Teaching English at Over Hall Community School
Speaking & Listening, Phonics, Reading & Writing
Through the teaching of English, we intend for pupils to encounter a curriculum that is ambitious for all, is coherently planned and sequenced, is successfully adapted, designed and developed for pupils with special educational needs and/or disabilities and is broad and balanced for all pupils. Our curriculum will ensure that pupils can read and respond to texts in an instructional and emotional way, communicate coherently, effectively and accurately when speaking and/or writing and equip them with the skills they need to achieve well and lead happy, successful lives beyond the school gates.
Phonics and Reading
All children from Reception to Year Two have a daily phonics lesson in school. We follow the Oxford Reading Tree scheme called Sounds and Letters through which children are taught about letters and the sounds that they make using a variety of approaches. These sounds are taught in a specific order to equip children with the knowledge and skills they need to decode words and read them accurately. The content of the phonic scheme is split into stages of which there are six across Key Stage One.
Generally, levels one to four (inclusive) are taught throughout Nursery/Reception and level five throughout Year One. Pupils in Year Two will consolidate level five (where appropriate) alongside their Year Two reading and spelling objectives. The scheme requires children to be supported in their learning at home through the use of reading books, sound tiles and activity sheets.
Children will be assessed regularly during the implementation of the scheme and, if required, intervention will be timely and focused on a particular "gap" in learning. Daily phonics lessons are taught as a whole class with additional, targeted support for those pupils requiring it.
In the Summer of Year One, children will take a statutory phonic screen to assess how they are progressing with their knowledge of sounds and letters.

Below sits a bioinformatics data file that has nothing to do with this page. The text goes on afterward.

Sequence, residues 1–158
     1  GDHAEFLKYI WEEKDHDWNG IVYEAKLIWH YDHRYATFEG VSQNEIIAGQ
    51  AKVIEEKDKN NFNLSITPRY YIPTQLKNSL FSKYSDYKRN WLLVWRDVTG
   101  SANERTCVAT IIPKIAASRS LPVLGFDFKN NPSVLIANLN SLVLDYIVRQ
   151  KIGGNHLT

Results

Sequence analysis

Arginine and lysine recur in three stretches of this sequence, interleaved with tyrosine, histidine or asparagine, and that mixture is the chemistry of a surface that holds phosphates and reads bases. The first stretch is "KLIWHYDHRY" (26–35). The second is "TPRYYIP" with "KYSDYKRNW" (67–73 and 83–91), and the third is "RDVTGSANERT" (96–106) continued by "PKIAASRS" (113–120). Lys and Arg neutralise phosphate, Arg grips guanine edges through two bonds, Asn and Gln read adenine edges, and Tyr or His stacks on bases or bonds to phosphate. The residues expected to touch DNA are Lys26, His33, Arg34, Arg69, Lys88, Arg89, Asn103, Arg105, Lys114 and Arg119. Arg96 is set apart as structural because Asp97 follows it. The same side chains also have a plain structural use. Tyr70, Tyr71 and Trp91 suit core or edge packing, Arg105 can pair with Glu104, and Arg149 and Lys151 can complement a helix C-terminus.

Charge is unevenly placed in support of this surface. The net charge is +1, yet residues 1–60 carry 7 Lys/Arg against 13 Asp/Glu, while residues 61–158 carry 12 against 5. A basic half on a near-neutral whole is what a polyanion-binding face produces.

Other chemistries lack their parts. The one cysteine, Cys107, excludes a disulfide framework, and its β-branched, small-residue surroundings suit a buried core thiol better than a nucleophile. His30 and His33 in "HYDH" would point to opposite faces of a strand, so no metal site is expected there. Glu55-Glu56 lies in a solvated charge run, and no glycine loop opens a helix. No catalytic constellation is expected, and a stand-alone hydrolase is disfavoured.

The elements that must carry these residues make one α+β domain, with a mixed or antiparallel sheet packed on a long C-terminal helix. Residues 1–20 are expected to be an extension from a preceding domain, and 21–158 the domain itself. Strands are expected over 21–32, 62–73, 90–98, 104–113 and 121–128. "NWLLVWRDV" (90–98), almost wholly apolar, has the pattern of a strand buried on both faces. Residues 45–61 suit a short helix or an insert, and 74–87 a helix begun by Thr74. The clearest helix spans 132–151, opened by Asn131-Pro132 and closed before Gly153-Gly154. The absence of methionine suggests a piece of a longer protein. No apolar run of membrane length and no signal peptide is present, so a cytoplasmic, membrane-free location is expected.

We will hear children read individually at least once a week to support their letter-sound and word recognition alongside developing other skills for reading such as the context, the sense of the sentence, fluency, expression etc. as children's reading skills develop.
We use a variety of reading schemes for children to access and we provide a mixture of fiction, non fiction and poetry titles. Most of the books used, especially for our early readers, are published by the Oxford Reading Tree. These books are colour banded so that children are reading a text with 90% accuracy and a matched level of understanding. Children are assessed, as deemed appropriate, to ensure that they are reading the correct level of reading book.
We have a home-school agreement and expectation that children will be supported with their reading at home. It is expected the children will read daily and, in KS2, complete a reading response activity once a week.
Sometimes in school, children may read in a guided group where they and their peers access a text appropriate to the level at which they can read. These sessions enable children to apply the letter-sound knowledge they are acquiring to decode words, recognise exception words on sight and read accurately.
In Key Stage One and Two, we deliver regular, whole class, shared reading lessons where we focus on the comprehension aspect of reading. Our sessions facilitate pupils' understanding of vocabulary and their skills of inference, prediction, retell and summary. The lessons may also be used to model how to read aloud clearly, with intonation, expression and awareness of an audience.
As a school, we use the scheme Read to Write to teach writing. https://literacycounts.co.uk/resources/read-to-write/
This scheme ensures that teaching and learning begins from a high quality, language rich text and teaches the writing skills that children need to acquire in a coherently planned and sequenced way. The progression of writing skills we teach year on year is documented in the attachment below.
The impact of our English curriculum will be that pupils can communicate effectively through speaking, listening and writing in an accurate, clear, coherent and engaging way.
Pupils will secure knowledge of a variety of genres in reading and writing, use a wide, ambitious vocabulary and apply their English skills to access the wider curriculum.
Pupils will achieve, at least, expected standards for their age and take their enjoyment of and achievement in English beyond the school gates and into their future lives.